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Düsseldorf, Germany Courthouse— Pic of the Week

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On my recent visit to Düsseldorf, Germany, I could not stop my nerdy lawyer self from visiting the Administrative Court of Düsseldorf (Verwaltungsgericht Düsseldorf). The Administrative Court in Düsseldorf is the court of first instance in administrative matters and handles all kinds of non-constitutional public law matters. Examples include disputes over building permits, access to public institutions and public welfare, education, municipal ordinances and fees, protection of the environment, civil service matters, nuisance caused by public facilities, project planning, and similar matters.

The Administrative Court in Düsseldorf is the biggest administrative court in the state of North Rhine-Westphalia and one of the biggest administrative courts in Germany. Currently, the court employs around 100 judges as well as 83 other employees and civil servants. In addition, there are around 300 honorary judges that participate in court decisions.

Administrative Court in Düsseldorf, Germany. Photo by Jenny Gesley.
Administrative Court in Düsseldorf, Germany. Photo by Jenny Gesley.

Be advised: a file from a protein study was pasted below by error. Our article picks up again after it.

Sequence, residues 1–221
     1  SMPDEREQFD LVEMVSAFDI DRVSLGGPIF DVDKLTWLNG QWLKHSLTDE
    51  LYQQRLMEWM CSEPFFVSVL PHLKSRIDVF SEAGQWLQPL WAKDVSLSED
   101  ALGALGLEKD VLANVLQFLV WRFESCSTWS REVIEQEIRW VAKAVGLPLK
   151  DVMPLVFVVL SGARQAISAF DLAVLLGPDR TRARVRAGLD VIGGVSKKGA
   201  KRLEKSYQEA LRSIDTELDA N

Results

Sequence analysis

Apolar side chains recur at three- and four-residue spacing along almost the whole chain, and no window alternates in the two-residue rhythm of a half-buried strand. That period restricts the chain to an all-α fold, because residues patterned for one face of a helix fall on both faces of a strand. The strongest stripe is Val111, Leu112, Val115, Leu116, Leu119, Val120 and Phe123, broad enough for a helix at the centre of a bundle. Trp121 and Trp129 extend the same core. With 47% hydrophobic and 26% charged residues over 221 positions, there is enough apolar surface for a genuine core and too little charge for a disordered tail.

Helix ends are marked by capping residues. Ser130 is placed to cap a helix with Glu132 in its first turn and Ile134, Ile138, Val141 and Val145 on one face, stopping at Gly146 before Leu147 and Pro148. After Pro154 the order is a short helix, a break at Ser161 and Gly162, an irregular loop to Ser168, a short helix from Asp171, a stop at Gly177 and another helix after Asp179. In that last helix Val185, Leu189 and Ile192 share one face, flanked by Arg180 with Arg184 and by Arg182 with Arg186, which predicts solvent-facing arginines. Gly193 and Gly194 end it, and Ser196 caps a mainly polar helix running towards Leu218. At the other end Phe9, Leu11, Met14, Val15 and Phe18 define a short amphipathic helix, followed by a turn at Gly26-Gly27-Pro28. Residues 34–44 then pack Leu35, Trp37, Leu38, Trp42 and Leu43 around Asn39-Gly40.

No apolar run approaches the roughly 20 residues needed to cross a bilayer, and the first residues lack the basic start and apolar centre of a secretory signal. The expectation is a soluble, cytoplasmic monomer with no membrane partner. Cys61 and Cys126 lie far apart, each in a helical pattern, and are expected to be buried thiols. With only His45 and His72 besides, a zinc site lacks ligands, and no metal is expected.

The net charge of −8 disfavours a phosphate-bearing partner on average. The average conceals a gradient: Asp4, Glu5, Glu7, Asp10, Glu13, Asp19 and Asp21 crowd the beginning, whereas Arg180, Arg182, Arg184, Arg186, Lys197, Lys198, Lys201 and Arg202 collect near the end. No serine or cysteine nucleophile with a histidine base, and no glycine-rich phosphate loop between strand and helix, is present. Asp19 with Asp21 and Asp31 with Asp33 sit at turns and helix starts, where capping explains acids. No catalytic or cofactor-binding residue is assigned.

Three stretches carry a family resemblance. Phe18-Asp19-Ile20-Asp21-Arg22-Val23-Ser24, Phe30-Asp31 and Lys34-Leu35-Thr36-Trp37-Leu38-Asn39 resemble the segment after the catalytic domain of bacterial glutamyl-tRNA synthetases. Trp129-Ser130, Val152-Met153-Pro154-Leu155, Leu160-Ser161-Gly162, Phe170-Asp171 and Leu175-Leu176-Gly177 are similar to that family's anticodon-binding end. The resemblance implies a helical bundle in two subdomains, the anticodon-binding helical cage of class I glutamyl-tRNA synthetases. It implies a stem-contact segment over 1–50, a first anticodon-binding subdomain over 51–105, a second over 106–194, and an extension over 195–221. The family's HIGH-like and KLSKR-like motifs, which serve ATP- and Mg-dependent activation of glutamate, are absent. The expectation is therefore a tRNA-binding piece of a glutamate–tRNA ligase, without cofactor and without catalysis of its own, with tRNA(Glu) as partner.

The Administrative Court of Düsseldorf is housed in the “Stahlhof” building (steel building). The “Stahlhof” was built from 1906 until 1908 and is listed on the Register of Landmarks of the State of North Rhine-Westphalia according to the Landmark Protection Act of North Rhine-Westphalia. It was built by the German architect Johannes Radke who also designed the German pavilions for the World’s Columbian Exposition in Chicago in 1893 and for the World Exhibition in Paris in 1900.

In 1904, the “Steel Works Union Stock Corporation” (Stahlwerksverband), a syndicate of German and Luxembourg iron and steel firms, selected Düsseldorf as their administrative seat. At the time, the Steel Works Union controlled almost the entire steel production in the German Empire and Luxembourg. The impressive “Stahlhof” building was perceived as a monument to the power of the steel industry. The floor plan forms a rectangle that measures 80 x 60 meters (263 x 197 feet). The building incorporates both Art Nouveau and Gothic elements. It was constructed with fireproof material and only precious materials like red sandstone were chosen for the front facade.

During World War I, the building served as a coordination center of the “German Steel Syndiate” (Deutscher Stahlverband) for iron and steel shipments for the German military. In January 1923, French and Belgian troops entered the German Ruhr region and French troops seized the “Stahlhof”. The general staff of the French army was housed there until August 1925. After the end of World War II, it served as a command center for the American and British Occupation Forces. The British Occupation Forces remained there until 1958. The British Regional Commissioner for the North Rhine province, William Asbury, took his seat in the “Stahlhof”. The deliberations culminating in the passage of Ordinance No. 46 on August 23, 1946, which created the autonomous state of North Rhine-Westphalia, were held in the “Stahlhof”.

In 1971, the Administrative Court of Düsseldorf moved into the “Stahlhof”  building.

Panoramic view of the Administrative Court in Düsseldorf, Germany. Photo by Jenny Gesley.

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